April 2, 2007 — -- An American citizen is missing in Iran, the State Department said today.
Sources tell ABC News that the missing American was a former FBI agent, although they stressed that he was now a private citizen and that his trip to Iran was on "private business" and not associated with official U.S. matters.
State spokesman Sean McCormack said that the United States had been monitoring this case for several weeks and today had sent a message to Iran through diplomatic channels for more information on his whereabouts.
State Department officials say that Iran has yet to respond with any information. Because the United States does not have diplomatic relations with Iran, the message was passed on by the Swiss Embassy in Tehran.
McCormack said the United States had been in touch with the man's family and employer, who were the first ones to report him missing. A senior State Department official tells ABC News the man was last seen in early March in Iran.
The official says that right now nobody seems to know where he is, but that the United States is asking Iran for any information because that's where he was last seen. According to one official, there is "no reliable information" that the American is being detained by Iran.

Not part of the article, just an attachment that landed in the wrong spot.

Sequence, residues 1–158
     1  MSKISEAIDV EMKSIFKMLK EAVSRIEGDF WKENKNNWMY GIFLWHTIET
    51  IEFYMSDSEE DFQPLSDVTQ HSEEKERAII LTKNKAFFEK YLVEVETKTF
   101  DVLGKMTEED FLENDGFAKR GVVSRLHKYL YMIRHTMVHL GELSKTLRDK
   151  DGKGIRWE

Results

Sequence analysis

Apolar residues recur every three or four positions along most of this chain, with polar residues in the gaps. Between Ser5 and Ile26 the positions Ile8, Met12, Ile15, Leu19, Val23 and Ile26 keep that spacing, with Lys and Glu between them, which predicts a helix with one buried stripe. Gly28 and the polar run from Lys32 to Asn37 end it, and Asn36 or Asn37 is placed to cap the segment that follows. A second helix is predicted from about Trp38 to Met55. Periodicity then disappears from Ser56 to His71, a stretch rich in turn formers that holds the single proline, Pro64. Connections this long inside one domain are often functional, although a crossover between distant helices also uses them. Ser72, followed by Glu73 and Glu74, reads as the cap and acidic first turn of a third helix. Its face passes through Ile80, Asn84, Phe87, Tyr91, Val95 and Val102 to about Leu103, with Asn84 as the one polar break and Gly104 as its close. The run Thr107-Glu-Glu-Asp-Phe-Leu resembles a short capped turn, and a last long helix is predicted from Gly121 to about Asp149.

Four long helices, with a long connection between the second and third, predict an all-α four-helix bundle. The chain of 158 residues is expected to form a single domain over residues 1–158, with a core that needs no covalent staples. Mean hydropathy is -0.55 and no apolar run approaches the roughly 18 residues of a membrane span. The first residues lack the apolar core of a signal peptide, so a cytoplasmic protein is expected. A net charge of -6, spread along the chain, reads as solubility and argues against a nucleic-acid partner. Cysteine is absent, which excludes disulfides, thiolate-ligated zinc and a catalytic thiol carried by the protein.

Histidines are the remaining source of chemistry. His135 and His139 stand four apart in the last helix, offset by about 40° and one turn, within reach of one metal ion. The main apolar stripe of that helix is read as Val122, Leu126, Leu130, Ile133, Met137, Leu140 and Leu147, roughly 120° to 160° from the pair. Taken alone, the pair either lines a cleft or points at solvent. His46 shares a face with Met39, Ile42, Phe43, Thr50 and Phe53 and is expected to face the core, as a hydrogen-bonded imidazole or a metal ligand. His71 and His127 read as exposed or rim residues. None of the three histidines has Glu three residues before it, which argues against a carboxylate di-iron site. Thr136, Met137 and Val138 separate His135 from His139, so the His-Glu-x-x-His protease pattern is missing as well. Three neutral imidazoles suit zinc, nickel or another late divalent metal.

McCormack denied any connection between this case and that of the 15 British sailors and marines being held by Iran for allegedly straying into Iranian waters in the Persian Gulf.
"There is no linkage with this or any ongoing cases that may have been in the news recently," he told reporters.
The United States has not had diplomatic relations with Iran since the hostage crisis in 1979, when Iranian students stormed the U.S. Embassy in Tehran and held Americans captive for 444 days.
Relations between the United States and Iran have since remained tense, but have been under increased stress in recent years over Iran's nuclear program.
The United States and other Western countries have called on Iran to suspend nuclear enrichment for fear that Tehran is pursuing a nuclear bomb. Iran insists its nuclear program is for peaceful purposes and has defied international calls for suspension.